Saturday, January 1, 2011

Finding Books at the AIC

I recently started a new gig as volunteer library advisor for the American Islamic College. When my former student worker, Romana, called up and asked if I could talk with them about their library, I thought I'd go over, check it out, give them some ideas, and call it a day. But I really like their mission, I liked the folks who are working hard to get this going, and so now I am deep in dirty work of sorting books to make a decent library for them. It's all unclear to me how they happen to have thousands and thousands of old books, but 99% of them are not appropriate for their collection, so it is weeding and boxing time. Yesterday I had a couple of volunteers, my friend, Beth and a AIC volunteer. That was so helpful! This exercise is forcing me to think about how important it is to have a collection development policy and stick to it! Since I need to revise the CTU collection development policy, this is useful. It also has provided the reminder of how valued books are. When I explained that most of these books would have to go, you could see the mouths gape open. What would happen to these books? Never mind that the books have no use for a library with a very specific purpose! Haven't contacted them yet, but I am hoping that Theological Book Network will come for them. It is really interesting to open random boxes of books! One box had textbook after textbook of geometry, physics, or sociology and one fabulous book of Persian art! A real gem. Another box, the same, and two volumes on Turkish ethnography! I've turned up probably two boxes of children's books, most in terrible shape, but found a couple that I brought home to read; a Ruth Sawyer that was wonderful (A Cottage for Betsy) and Phyllis McGinley's Plain Princess which I read years ago and loved. And a complete anomaly--a huge stack of R. F. Delderfield paperbacks! Let's just say that how books wind up being in particular places is something that never ceases to amaze!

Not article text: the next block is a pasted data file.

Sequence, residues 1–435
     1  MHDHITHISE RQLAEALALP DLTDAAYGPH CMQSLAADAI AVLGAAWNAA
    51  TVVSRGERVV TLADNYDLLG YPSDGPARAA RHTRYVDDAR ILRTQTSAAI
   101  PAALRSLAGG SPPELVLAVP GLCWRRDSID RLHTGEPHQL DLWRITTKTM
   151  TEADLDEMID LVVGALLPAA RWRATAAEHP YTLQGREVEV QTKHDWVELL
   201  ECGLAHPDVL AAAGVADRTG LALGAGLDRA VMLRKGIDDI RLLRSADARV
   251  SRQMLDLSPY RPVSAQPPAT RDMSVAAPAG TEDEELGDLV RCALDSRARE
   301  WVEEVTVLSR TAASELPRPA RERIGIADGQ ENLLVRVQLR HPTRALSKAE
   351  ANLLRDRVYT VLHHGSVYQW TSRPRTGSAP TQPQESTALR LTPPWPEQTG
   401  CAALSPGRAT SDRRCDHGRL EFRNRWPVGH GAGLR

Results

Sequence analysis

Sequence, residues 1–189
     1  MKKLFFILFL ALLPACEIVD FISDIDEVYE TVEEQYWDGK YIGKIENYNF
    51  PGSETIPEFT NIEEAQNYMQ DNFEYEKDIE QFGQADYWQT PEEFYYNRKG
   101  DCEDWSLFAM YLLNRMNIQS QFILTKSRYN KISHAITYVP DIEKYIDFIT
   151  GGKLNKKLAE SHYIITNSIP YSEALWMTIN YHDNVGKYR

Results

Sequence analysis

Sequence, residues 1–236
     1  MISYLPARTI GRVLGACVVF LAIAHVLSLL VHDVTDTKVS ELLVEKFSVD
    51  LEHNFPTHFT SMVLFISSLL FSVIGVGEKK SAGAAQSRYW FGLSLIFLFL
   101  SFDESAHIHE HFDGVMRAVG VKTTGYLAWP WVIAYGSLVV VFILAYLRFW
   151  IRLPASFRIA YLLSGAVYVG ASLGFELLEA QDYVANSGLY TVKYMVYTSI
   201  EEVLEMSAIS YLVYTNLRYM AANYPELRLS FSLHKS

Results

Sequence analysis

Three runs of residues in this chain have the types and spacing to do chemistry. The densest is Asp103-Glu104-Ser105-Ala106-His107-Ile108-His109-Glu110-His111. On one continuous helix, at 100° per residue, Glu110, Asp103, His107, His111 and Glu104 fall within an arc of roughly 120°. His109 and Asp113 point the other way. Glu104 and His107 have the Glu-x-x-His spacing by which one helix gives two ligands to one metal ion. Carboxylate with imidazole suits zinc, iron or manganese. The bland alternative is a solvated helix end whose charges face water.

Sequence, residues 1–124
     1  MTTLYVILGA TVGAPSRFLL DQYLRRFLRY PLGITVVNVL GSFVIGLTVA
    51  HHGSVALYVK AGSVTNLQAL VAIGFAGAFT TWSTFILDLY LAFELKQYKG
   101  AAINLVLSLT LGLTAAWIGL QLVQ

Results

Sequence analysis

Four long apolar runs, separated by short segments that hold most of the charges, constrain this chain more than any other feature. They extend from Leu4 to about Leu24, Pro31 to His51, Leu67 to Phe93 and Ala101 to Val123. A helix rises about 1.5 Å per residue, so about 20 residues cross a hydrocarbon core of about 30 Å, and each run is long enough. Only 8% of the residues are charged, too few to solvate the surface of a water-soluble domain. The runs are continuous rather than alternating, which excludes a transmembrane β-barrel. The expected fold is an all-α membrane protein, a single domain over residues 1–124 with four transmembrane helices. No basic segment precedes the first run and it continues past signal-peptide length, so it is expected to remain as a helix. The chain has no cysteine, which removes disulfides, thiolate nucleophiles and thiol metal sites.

1 comment:

  1. Melody: Just read this, and I can relate. I have an ongoing problem of going through thousands of books, old and new donations. You really have to go through, one by one, so you don't miss the gems! Good for you.
    Elyse Hayes